Encyclopedia of Evolutionary Psychological Science

Living Edition
| Editors: Todd K. Shackelford, Viviana A. Weekes-Shackelford

Humans: Within-Group Conflicts

  • Heitor B. F. FernandesEmail author
  • Mateo Peñaherrera-Aguirre
  • James Zerbe
  • Aurelio José Figueredo
Living reference work entry
DOI: https://doi.org/10.1007/978-3-319-16999-6_3779-1



Aggressive conflict between individuals within a human group or culture, involving violent interactions, in certain circumstances leading to death of one party and fitness benefits to aggressors.


Conflicts of interest and competition are a common feature of social life within groups. Many interindividual altercations lead to escalation of aggression and ultimately to killing. To have an evolutionary understanding of intragroup aggression and killing and assess evidences of adaptive functions, it is important to empirically examine (1) how ubiquitous these phenomena are among human cultures; (2) what social and biological variables explain rates of intragroup aggression and homicide, and if they do so in a predictable way in line with theory; and (3) what consequences these behaviors have.


Registered homicide rates vary greatly among cultures and across time, although they it is a widespread phenomenon in humans (Knauft 1987). While in countries such as Iceland and Japan they are below 0.5 per 100,000 persons per year in recent years, they are more than 100 times more prevalent in the Virgin Islands and Honduras and up to 1000 more prevalent in certain prestate societies. Homicide rates are estimated to have reduced by approximately 20 times in Europe since medieval times (Spierenburg 2008). Some homicides are consequences of individual-level conflicts and altercations and another considerable part are due to gang violence and organized crime. It is important to consider the individual characteristics that may lead to adaptive benefits in lethal aggression, examining the sociodemographics of killing across different sectors of the human population.

Aggression and murder are observed to be a more prevalent behavioral feature of young, unmarried individuals and in those with few resources (such as low socioeconomic status, in modern industrialized societies), especially populations having high levels of inequality, as they have comparatively little to lose by engaging in high-risk behavior such as physical altercations over conflicts of interest (Daly and Wilson 1988). For individuals in such life contexts, expected returns from safe courses of action may be negligible, and relying on delayed benefits may be suboptimal considering socioecological uncertainty; as such, future discounting coupled with aggressive, coercive tactics and elimination of competition may be an adaptive response.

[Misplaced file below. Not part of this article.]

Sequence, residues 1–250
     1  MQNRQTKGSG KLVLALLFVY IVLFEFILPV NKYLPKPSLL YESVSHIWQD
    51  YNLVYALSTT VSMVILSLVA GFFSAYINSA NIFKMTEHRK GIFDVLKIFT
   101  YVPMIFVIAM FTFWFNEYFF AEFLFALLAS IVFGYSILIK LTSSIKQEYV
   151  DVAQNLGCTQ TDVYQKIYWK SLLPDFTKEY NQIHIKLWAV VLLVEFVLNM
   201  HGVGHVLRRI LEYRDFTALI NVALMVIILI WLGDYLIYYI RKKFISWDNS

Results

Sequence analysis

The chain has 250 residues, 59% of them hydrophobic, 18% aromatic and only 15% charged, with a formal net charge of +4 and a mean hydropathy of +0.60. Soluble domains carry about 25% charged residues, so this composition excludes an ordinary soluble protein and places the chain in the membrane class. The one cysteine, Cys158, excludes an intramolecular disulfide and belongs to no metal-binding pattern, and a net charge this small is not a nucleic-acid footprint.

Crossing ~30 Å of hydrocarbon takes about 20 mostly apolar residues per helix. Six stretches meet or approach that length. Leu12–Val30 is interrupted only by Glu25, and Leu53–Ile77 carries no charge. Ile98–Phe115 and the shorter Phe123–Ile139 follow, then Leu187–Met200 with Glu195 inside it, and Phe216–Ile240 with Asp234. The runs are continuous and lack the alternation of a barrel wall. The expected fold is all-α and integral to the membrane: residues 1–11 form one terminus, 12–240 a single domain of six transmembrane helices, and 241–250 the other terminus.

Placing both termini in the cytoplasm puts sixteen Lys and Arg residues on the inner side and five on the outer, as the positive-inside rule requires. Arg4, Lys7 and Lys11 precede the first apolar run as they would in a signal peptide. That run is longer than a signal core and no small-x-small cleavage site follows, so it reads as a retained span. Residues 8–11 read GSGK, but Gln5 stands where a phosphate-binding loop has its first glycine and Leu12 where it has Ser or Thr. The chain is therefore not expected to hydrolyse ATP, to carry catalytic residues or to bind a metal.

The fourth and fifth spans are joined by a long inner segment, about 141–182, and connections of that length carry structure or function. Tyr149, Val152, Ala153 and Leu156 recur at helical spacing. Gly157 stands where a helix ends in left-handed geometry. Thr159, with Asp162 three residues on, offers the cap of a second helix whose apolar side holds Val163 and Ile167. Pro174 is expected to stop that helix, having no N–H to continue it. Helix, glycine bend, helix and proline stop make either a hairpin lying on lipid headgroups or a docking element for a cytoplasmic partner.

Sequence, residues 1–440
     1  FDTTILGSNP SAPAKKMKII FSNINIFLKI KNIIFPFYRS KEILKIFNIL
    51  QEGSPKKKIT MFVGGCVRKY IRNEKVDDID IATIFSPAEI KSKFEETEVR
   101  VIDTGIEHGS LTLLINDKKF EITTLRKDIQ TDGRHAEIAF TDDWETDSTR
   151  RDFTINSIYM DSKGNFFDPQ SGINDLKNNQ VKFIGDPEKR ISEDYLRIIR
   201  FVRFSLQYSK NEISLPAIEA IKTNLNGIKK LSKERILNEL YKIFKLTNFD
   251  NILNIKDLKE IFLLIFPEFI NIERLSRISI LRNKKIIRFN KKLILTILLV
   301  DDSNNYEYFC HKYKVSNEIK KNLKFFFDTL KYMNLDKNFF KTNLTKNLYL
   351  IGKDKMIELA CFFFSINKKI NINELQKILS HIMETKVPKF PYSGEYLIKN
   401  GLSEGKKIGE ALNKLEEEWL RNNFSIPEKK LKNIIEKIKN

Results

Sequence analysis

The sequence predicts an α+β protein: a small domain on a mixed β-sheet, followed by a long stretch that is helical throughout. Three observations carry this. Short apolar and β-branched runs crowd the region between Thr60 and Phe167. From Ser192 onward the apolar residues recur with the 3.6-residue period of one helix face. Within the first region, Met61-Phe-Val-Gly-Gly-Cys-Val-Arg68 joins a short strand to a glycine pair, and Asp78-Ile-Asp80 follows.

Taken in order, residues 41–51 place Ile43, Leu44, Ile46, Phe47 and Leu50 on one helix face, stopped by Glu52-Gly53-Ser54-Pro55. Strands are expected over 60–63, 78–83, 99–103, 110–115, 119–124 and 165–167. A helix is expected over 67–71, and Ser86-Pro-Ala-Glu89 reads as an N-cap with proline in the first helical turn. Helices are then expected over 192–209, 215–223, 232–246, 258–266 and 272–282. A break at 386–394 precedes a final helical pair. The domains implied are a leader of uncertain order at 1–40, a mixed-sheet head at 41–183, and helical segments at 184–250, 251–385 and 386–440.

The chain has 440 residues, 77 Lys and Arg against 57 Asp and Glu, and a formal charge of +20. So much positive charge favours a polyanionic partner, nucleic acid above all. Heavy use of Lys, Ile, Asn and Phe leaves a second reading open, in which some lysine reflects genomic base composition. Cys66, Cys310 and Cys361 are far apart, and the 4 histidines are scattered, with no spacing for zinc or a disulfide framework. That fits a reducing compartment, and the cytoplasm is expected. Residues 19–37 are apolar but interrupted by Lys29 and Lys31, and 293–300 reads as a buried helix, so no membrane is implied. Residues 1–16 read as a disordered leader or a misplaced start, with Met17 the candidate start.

A common reported motive for aggressive and homicidal desires and actions is jealousy and distress over sexual competition (Buss 2000). Even though various behavioral strategies for intrasexual competition exist (involving, e.g., self-promotion, derogation of competitors, mate manipulation, and mate guarding) and various anatomical and physiological features can be argued to be adaptations for intrasexual competition (e.g., penile anatomical characteristics which may facilitate sperm displacement in the female reproductive tract, thus reducing other males’ chances of fertilization), aggressive behavior towards sexual competitors is hypothesized to be an effective strategy for competition. Young men are more likely than individuals in other demographic categories to act on such aggressive desires, suggesting that sexual selection has maximized male competitive prowess during young adulthood. Successfully confronting and attacking other males may not only fend off sexual competition and facilitate mate guarding, but may also permit mate poaching, and increasing status by demonstrating dominance, willingness to take risks, and physical formidability, thus increasing attractiveness.